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How to Decide What Bugs to Fix When, Part 1

by Scott Berkun, author of The Art of Project Management
Help Me Help You

Here is the golden rule of organizing bugs: fix bugs in the order most likely to result in success. Sounds obvious, right? Wrong. I'd bet that more than half of the buggy and unreliable software you've ever used was that way not because the developers didn't have time to make it better; they simply fixed the wrong bugs. Wanting to fix the right bugs and knowing how to do it are two different things.

There are two challenges to making smart bug decisions: first, understanding how to make good bug-fix decisions; and second, creating and following a process that makes it easy to stick to those decisions when the pressure is high.

Wise leaders and smart teams know that toward the end of a project, milestone, or iteration, they'll be tired. They may be sleeping less, working more, and consuming frightening amounts of caffeinated substances. Thinking ahead, clever leaders put simple rules and survival kits in place early. Then, when times get tough, the resources for fast and easy bug fix decisions are already there.

This two-part essay is a primer on those rules and survival kits, giving you basics to follow. But more importantly, I'll provide the core ideas needed to make your own rules. The advice is organized into four levels, from scrappy first aid (level 1) to higher-caliber planning (level 4). But first, an entirely unnecessary but entertaining summary of approaches to avoid.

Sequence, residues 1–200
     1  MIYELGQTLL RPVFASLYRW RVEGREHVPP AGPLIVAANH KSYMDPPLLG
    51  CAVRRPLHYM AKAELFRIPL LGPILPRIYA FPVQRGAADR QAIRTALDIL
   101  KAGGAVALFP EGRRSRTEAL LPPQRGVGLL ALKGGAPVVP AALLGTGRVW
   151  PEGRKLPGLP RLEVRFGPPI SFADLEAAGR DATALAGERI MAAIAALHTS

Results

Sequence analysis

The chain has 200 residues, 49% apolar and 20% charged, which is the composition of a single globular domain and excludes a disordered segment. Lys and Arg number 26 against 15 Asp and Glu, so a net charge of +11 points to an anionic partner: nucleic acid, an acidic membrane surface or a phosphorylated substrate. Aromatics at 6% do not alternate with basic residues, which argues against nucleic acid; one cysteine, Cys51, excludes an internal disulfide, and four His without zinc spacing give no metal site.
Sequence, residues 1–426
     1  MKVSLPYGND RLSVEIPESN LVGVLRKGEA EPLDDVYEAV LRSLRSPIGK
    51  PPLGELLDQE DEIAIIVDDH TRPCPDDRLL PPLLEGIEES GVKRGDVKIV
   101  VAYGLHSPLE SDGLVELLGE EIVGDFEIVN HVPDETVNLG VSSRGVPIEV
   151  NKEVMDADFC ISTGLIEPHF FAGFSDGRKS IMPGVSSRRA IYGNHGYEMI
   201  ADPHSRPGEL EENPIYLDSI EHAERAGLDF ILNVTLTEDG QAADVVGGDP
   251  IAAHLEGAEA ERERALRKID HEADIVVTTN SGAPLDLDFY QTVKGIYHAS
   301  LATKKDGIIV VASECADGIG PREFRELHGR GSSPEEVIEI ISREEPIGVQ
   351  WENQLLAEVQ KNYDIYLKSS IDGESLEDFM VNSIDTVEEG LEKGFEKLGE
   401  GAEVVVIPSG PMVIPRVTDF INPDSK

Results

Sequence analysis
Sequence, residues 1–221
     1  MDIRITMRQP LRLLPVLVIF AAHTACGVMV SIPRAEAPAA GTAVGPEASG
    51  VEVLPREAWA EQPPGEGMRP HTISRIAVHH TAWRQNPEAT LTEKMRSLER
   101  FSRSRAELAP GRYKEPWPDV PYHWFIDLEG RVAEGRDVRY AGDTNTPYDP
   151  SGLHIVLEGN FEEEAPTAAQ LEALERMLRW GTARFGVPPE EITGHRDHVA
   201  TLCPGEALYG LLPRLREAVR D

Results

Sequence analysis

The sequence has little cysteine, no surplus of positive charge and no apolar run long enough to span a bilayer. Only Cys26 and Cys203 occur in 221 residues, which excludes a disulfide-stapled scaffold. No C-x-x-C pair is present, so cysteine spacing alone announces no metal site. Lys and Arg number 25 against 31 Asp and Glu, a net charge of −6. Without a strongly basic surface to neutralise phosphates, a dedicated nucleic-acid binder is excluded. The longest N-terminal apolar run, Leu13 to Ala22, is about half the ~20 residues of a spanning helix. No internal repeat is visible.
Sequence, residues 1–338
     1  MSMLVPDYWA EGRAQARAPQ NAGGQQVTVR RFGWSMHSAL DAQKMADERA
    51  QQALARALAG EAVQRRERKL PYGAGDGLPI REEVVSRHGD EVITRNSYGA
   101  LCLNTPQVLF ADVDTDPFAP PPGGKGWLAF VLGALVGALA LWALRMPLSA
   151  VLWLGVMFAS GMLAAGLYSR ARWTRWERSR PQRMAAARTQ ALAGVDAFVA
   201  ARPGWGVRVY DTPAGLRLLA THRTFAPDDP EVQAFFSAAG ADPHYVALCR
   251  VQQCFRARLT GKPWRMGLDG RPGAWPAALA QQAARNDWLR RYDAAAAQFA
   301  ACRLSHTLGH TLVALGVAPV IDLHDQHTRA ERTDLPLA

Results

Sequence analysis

The Top 10 worst ways to decide:

  1. Fix only the bugs that annoy your CEO.
  1. Fix every bug (never ship).
  1. Don't fix any bugs (ship today!).
  1. Fix only the bugs that annoy your CEO's spouse/daughter/pet hamster.
  1. Require approval for every decision from the most annoying and least intelligent person in your organization (possibly redundant with No. 10).
  1. Start on a bug at random, and when you're halfway finished, switch to another. Repeat.
  1. Play bug hot potato. Don't fix bugs, just keep assigning yours to someone else.
  1. Put bugs in alphabetical order and fix them from A to Z, skipping vowels. (Hint: if you relabel bugs appropriately, this is equivalent to No. 8.)
  1. Create a complex parliamentary system of delegates elected by two-thirds majority to draft a charter of bylaws and rules of order for the formation of three bilateral subcommittees empowered to moderate future strategic defect management discourse.
  1. Spend all available time debating whether your current process appears on this list.